GM Begins Ignition Lawsuit Talks, US Bankruptcy Court Press For Settlement

Cameron Aubernon
by Cameron Aubernon
gm begins ignition lawsuit talks us bankruptcy court press for settlement

Automotive News reports General Motors’ attorney Kenneth Feinberg met with Texas attorney Robert Hilliard at the former’s office within the Beltway to begin preliminary discussions over the claims of the latter’s 300-plus clients affected by the ignition switch recall. During the talk, no agreements were reached regarding compensation, while Hilliard viewing the first meeting as GM’s way of convincing him that it would do “the right thing” by his clients. Feinberg states he is gathering proposals for a compensation program similar to the one he orchestrated for 9/11 victims and victims of other major disasters, and should have a package ready within the next few weeks at the latest.

Meanwhile, U.S. Bankruptcy Judge Robert Gerber urged GM to settle with plaintiffs seeking compensation from the recall, proclaiming:

Frankly, it would be great if whatever money is available for injured people could go to them, and not to litigation costs and attorneys’ fees.

The viewpoint held by Gerber comes from his partial reading of 3,500 pages related to claims filed in the 10 days prior to his pronouncement. Currently, 59 lawsuits with a price tag of $10 billion in damages have been levied against the automaker, with one group refraining from suing at the automaker’s request until the judge validates their complaints sometime before the end of July. In the meantime, a separate hearing May 29 will devise a strategy to centralize the suits before GM; Gerber said he would stay out of the way for the hearing.

In other news, GM is holding back on huge dealer orders for its large SUVs and pickups due to over two dozen supply constraints regarding V8 engines, four-wheel drive systems and other components, affecting availability for the 2014 Chevrolet Silverado and 2015 Suburban and Tahoe. The constraints are frustrating for dealers in light of the popularity of the vehicles, with the automaker urging creativity to get around the supply issues, which could take as long as four weeks to resolve. Despite this, transaction prices of GM’s newly redesigned offerings netted $700 million in pretax profit for Q1 2014, while the Silverado/Sierra twins delivered a 37.7 percent haul of overall sales of all pickups sold for $40,000 and above in the same period.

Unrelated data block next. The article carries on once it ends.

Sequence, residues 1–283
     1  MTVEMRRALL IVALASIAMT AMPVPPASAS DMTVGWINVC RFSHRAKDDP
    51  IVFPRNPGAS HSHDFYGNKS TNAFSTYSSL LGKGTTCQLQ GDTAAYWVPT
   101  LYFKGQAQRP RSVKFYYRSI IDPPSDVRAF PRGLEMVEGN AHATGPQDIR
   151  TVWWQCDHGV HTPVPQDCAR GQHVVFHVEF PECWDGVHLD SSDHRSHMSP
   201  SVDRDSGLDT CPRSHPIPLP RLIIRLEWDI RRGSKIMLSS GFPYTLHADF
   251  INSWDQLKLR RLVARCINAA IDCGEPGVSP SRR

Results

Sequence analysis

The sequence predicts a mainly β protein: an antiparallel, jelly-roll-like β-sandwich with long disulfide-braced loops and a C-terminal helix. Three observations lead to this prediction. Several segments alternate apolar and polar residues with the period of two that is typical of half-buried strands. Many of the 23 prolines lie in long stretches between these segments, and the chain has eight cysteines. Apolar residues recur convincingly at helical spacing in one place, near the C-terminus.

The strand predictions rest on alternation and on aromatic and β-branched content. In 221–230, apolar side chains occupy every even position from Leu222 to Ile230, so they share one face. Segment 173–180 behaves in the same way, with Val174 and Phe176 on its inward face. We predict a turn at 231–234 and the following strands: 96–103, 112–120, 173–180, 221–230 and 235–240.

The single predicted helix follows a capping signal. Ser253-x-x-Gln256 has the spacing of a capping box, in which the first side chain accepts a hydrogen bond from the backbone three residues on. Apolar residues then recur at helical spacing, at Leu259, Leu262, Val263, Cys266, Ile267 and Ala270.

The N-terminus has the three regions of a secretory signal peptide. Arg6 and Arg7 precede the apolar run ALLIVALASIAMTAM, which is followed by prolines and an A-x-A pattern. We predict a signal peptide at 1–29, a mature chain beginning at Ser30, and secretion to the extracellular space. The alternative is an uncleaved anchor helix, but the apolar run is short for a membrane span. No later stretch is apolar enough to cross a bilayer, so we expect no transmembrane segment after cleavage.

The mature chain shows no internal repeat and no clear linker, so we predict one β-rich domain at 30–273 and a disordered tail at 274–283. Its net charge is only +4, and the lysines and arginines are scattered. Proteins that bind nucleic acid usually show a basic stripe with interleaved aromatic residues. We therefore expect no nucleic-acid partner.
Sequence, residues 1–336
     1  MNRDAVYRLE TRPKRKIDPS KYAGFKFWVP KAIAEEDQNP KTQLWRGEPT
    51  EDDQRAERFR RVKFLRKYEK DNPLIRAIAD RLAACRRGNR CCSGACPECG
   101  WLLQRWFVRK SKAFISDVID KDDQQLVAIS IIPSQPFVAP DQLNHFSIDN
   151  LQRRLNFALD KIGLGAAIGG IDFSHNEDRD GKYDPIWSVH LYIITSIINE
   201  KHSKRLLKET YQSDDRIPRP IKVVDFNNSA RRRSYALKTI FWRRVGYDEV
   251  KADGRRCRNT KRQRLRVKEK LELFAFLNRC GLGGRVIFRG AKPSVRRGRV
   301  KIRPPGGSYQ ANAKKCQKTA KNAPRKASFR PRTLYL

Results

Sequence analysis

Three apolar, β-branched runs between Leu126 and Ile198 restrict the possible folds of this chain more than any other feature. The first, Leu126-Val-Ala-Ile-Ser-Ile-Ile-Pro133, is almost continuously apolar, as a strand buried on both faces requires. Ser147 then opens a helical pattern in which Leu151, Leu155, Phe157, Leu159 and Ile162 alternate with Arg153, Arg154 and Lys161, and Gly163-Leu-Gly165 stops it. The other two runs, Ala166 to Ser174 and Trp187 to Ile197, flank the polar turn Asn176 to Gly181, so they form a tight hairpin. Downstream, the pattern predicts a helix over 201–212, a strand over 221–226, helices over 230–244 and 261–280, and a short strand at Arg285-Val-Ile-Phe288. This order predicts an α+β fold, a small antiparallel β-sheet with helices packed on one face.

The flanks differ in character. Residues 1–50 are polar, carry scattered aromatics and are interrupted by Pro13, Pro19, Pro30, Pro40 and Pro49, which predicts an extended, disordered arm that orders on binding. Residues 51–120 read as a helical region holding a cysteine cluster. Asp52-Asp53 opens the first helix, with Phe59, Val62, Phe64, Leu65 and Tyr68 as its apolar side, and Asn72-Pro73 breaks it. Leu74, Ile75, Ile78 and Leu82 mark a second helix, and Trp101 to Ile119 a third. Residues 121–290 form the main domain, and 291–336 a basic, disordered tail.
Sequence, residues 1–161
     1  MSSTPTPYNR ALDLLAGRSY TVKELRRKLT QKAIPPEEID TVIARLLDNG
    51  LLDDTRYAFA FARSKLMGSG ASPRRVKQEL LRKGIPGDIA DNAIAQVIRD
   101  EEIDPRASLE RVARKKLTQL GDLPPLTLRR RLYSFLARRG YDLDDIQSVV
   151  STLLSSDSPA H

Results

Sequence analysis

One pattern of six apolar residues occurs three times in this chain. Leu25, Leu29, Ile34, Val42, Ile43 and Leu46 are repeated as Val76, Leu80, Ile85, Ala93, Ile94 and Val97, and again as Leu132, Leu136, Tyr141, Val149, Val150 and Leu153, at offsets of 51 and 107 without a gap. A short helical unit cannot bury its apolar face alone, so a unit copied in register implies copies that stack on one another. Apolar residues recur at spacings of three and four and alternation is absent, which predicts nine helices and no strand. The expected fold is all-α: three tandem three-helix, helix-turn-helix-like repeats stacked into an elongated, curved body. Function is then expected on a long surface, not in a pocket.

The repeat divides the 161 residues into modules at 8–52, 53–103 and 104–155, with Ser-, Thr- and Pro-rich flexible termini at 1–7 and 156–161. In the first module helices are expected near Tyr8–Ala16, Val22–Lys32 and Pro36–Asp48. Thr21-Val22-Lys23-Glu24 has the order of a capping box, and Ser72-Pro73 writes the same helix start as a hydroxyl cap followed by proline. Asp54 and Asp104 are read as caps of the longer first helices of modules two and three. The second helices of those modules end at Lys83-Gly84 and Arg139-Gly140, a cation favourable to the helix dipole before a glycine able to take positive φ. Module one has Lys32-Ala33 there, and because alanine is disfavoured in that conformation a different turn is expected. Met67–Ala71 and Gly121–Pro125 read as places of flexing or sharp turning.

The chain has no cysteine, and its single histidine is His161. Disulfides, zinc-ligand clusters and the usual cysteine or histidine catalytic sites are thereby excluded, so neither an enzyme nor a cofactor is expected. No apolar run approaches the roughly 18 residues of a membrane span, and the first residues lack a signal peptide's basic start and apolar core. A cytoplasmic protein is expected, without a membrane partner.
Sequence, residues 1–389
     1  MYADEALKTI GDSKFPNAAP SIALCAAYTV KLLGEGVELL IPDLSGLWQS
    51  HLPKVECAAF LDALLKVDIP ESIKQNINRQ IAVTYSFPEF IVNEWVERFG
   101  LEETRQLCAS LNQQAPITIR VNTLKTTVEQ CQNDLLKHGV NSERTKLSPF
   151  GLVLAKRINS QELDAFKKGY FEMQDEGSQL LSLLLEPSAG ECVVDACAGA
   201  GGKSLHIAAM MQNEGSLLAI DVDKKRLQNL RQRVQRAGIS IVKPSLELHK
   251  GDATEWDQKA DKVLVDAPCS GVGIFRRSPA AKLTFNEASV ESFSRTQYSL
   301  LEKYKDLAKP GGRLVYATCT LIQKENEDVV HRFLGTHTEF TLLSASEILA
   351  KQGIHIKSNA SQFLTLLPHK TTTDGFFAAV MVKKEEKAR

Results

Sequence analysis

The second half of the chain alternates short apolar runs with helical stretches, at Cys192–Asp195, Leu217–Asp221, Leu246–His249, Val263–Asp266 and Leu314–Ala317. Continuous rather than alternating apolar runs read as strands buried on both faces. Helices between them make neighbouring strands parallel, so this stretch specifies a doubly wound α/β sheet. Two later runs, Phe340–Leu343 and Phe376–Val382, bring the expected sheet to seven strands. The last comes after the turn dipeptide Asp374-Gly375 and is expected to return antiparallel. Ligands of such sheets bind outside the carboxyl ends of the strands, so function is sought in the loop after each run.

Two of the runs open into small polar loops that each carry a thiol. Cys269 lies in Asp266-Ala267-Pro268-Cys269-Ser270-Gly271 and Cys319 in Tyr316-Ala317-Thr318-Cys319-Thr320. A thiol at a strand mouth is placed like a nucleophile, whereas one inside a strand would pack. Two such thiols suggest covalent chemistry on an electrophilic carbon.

Finally, CEO Mary Barra delivered the commencement speech at the University of Michigan over the weekend, as well as received an honorary degree in engineering. The university’s decision to invite Barra came under fire from two student groups, citing the recall crisis and the alleged dismissals of injured employees at a GM plant in Columbia as not representative of the university’s values behind their reasoning. As for Barra, though she did not directly bring up the recall in her speech — opting to speak about the future and all it will offer — she did offer these words of wisdom for the Class of 2014:

Remember that hope is not a strategy. Problems don’t go away when you ignore them — they tend to get bigger.

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3 of 5 comments
  • RogerB34 RogerB34 on May 05, 2014

    Obama has proposed a $300M grant to bankrupt Detroit, why not a grant to ignition lawsuit plaintiffs?

    • Highdesertcat Highdesertcat on May 05, 2014

      Why should the American taxpayers bail out these two entities? Neither Detroit nor GM is worth salvaging. They got themselves into this mess. How about all those other bankrupt cities and states in the US, like California? The residents of those locales got exactly what they deserved, because they voted for it. Ditto with Detroit. GM wasn't worth salvaging in 2009 and it certainly isn't worth bailing out with an ignition lawsuit grant in 2014. If people are stupid enough to buy GM products, they deserve exactly what they get.

  • SCE to AUX SCE to AUX on May 06, 2014

    A hasty settlement is in GM's interest, since nobody actually knows what happened yet. What about Delphi's role in this mess? If they settle soon, there will be a chorus of complaints crying 'coverup' and 'conspiracy', and they might be right. On the other hand, if GM's actions turn out to be completely defendable, what's the point of an expensive settlement? I'd rather see the truth come out - if that's possible - than see the truth silenced with quick money.

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